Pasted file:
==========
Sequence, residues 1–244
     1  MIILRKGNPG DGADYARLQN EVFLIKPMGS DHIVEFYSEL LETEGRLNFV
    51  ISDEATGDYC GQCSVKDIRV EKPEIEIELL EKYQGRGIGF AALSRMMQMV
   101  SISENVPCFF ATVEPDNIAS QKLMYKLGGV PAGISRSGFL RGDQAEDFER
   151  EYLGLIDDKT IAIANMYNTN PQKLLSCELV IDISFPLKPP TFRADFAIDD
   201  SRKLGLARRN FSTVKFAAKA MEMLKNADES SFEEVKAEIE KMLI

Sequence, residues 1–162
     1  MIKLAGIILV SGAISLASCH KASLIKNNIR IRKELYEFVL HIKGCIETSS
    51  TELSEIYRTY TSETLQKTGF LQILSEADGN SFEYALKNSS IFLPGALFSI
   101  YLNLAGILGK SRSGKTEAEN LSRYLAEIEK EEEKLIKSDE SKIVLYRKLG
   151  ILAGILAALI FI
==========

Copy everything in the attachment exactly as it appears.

Sequence, residues 1–244
     1  MIILRKGNPG DGADYARLQN EVFLIKPMGS DHIVEFYSEL LETEGRLNFV
    51  ISDEATGDYC GQCSVKDIRV EKPEIEIELL EKYQGRGIGF AALSRMMQMV
   101  SISENVPCFF ATVEPDNIAS QKLMYKLGGV PAGISRSGFL RGDQAEDFER
   151  EYLGLIDDKT IAIANMYNTN PQKLLSCELV IDISFPLKPP TFRADFAIDD
   201  SRKLGLARRN FSTVKFAAKA MEMLKNADES SFEEVKAEIE KMLI

Sequence, residues 1–162
     1  MIKLAGIILV SGAISLASCH KASLIKNNIR IRKELYEFVL HIKGCIETSS
    51  TELSEIYRTY TSETLQKTGF LQILSEADGN SFEYALKNSS IFLPGALFSI
   101  YLNLAGILGK SRSGKTEAEN LSRYLAEIEK EEEKLIKSDE SKIVLYRKLG
   151  ILAGILAALI FI